Molecular dynamics simulation of nanoscale thermal conduction and vibrational cooling in a crystalline naphthalene cluster

Kim, Hackjin; Dlott, Dana D.
June 1991
Journal of Chemical Physics;6/15/1991, Vol. 94 Issue 12, p8203
Academic Journal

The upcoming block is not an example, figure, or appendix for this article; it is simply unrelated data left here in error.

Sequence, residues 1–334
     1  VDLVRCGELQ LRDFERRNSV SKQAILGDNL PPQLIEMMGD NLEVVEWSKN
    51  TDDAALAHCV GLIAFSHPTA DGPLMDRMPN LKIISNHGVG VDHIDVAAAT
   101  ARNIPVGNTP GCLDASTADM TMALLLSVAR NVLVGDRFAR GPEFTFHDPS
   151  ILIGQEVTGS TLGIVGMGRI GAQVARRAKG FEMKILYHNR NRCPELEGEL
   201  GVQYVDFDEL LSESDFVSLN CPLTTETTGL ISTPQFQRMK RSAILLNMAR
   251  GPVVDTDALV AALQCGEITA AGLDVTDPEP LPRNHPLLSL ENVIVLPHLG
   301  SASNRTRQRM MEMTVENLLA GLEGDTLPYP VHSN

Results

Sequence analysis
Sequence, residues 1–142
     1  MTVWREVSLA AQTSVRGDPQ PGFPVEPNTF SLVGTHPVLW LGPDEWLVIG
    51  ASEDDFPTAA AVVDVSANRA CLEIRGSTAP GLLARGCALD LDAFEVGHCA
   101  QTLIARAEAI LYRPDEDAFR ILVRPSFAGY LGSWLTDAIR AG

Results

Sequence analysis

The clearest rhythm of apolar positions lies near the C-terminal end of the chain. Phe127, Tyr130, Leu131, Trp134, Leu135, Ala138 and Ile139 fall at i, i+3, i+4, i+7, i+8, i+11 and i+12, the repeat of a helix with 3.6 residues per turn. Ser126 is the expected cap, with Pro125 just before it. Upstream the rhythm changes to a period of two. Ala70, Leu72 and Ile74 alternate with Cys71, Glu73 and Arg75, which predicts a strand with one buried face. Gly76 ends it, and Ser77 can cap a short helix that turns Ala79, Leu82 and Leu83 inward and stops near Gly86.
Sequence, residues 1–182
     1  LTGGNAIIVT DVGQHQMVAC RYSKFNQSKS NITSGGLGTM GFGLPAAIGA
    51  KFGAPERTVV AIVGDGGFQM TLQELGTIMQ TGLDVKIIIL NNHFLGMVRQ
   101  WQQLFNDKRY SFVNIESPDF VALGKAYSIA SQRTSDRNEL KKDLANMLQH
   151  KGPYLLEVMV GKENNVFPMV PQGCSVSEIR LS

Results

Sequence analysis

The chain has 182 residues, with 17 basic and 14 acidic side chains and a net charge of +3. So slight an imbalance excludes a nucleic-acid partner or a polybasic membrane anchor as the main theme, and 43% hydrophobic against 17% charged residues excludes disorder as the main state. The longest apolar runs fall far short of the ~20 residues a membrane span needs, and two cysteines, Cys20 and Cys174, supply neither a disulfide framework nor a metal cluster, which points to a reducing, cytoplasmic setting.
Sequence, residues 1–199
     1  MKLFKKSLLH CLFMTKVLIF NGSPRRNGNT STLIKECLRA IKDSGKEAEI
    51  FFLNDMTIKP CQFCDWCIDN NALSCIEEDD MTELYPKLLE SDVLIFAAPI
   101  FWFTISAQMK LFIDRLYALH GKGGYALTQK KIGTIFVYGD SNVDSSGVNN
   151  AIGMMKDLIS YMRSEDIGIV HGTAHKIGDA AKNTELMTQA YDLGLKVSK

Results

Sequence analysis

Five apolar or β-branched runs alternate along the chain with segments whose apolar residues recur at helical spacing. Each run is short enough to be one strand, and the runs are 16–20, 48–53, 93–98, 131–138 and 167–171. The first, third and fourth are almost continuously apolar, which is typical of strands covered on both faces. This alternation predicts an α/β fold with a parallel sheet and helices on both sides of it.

A molecular dynamics simulation of crystalline naphthalene is used to study nanometer scale thermal transport in solids. One molecule in a cluster of 75 is heated to a large initial temperature and then allowed to cool. Stochastic boundary conditions which preserve the time averaged volume of the cluster are used. The excess translational and librational energy of the hot molecule is lost within 1 ps. The excess vibrational energy is lost on the 100 ps time scale. Translational and librational energy propagates rapidly throughout the cluster at velocities which are comparable to the speed of sound. Despite the far slower rate of vibrational energy loss from the hot molecule, the growth of vibrational energy occurs uniformly on the other molecules in the cluster. Therefore intermolecular vibrational energy transfer occurs primarily via an indirect mechanism. Vibrational excitations are first converted into translational and librational excitations, which propagate throughout the cluster and then excite vibrations on distant molecules via multiphonon up pumping. Examination of the molecular neighbors shows that intermolecular transfer of mechanical energy can be anisotropic, since the hot molecule can only transfer energy where it contacts atoms on adjacent molecules. Energy transfer along the b- and c-crystallographic axes is more efficient than along the a axis. The most efficient energy transfer is in the direction of two of the four nearest neighbors. Transient hot spots are produced on these neighboring molecules. The implications of this anisotropic conduction for the propagation of thermal reactions, e.g., the decomposition of high explosives, are discussed briefly.


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